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One of the best things about Splendor is how easy it is to learn. It only takes a few minutes to learn, and there’s an element of luck that levels the playing field between new and experienced players. If you’ve played the game before you probably stand a better chance of winning, but there are enough odds that it never feels unfair.

5 gloom

In most board games, you want to keep your characters intact. But the wearable, dark, Victorian-inspired Gloom takes a different approach. Instead of taking control of a hero, you get dominion over a family of terrifying people that make the Bloody Benders look normal. Your task? To make them as miserable as possible before letting them die. You’ll also try to throw a little luck at your opponent’s family by stealing points from them.

Gloom is mechanically great, but where it shines is in its collaborative storytelling. Rather than just playing cards without comment, the game encourages you to share how these miserable events affected each character on their downward arc. This means that every game of Gloom is a story, a unique experience where the only predictable thing is that it will end badly.

4 Similo

If you’re familiar with Codenames, you know Similo. Playing like a stripped down version of the classic social deduction game, you play as either a guesser or a clue giver, trying to rescue one from a group of 12 historical characters. As a whistleblower, it’s your job to tell who the guessers should eliminate and who to rescue.

The only catch? The whistleblower is not allowed to speak. Instead, they play character cards from their hand in various positions. Playing a character vertically means they’re like the person you’re trying to avoid. Playing them horizontally means they are dissimilar, but it’s up to the guessers to figure out what you meant. Since it’s just a deck of cards, the game will push the limits of your communication skills, but not the capacity of your suitcase.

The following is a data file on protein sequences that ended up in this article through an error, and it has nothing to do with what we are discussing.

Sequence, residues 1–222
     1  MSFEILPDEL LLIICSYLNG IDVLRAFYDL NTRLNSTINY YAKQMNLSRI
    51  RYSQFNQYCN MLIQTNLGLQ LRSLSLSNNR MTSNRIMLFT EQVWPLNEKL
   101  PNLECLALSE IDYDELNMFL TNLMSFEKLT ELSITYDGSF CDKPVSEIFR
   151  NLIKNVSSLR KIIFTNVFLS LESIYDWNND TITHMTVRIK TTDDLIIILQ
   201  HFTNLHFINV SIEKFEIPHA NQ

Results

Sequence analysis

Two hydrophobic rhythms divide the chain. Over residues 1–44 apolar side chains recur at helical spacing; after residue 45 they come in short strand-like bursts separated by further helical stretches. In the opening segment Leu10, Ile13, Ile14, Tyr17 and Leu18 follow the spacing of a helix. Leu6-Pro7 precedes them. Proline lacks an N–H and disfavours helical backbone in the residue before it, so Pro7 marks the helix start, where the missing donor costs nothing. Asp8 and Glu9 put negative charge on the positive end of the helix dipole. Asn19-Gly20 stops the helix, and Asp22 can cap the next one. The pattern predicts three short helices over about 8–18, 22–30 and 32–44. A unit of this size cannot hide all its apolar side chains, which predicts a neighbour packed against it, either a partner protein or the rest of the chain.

3 love letter

It’s hard to get more portable than Love Letter. With just sixteen cards and a few chips, this classic game of bluffing and theoretical love fits into a tiny red pouch that’s easy to slip in your back pocket. It’s easy to learn and offers a good mix of strategy and chance. Also, you can betray your friends to win the hand of the princess of the realm. What’s not to like?

The only downside to the original Love Letter was that it only supported two to four players, but its second edition corrected this with the addition of five new maps. Several balancing issues with the original have also been fixed, making your competitive courtship even more accessible to anyone playing around the campfire.

2 Go sushi!

Sushi may not be for everyone, but Sushi Go! is. The setup for the game is that you’re in a sushi restaurant trying to put together the perfect fish-based feast by collecting cards, but it hardly matters. The game’s art style will have you so hooked that you’ll want to snag as many of the cute sashimi as possible, not to mention all the adorable blobs of wasabi.

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Go sushi! isn’t the most complex card game of all time, but that’s part of its charm. It’s the consummate family game where youngsters can beat you just as easily as their peers.

1 beehive

If you’ve ever come across two colonies of ants colliding in the middle of the sidewalk, you’ll understand what it’s like to play Hive. You take control of an insect colony, fight your opponent and try to capture his queen. And while Hive isn’t quite as hectic as an ant war, it’s just as dynamic. It’s a bit like chess, except there’s no board and each insect answers a bee for some reason.

Hive is also extremely portable. There were only 22 hex pieces in the original and 28 if you want to invest in an expansion. They easily fit in a small backpack or purse and provide hours of fun if you’re looking for a one-on-one strategy.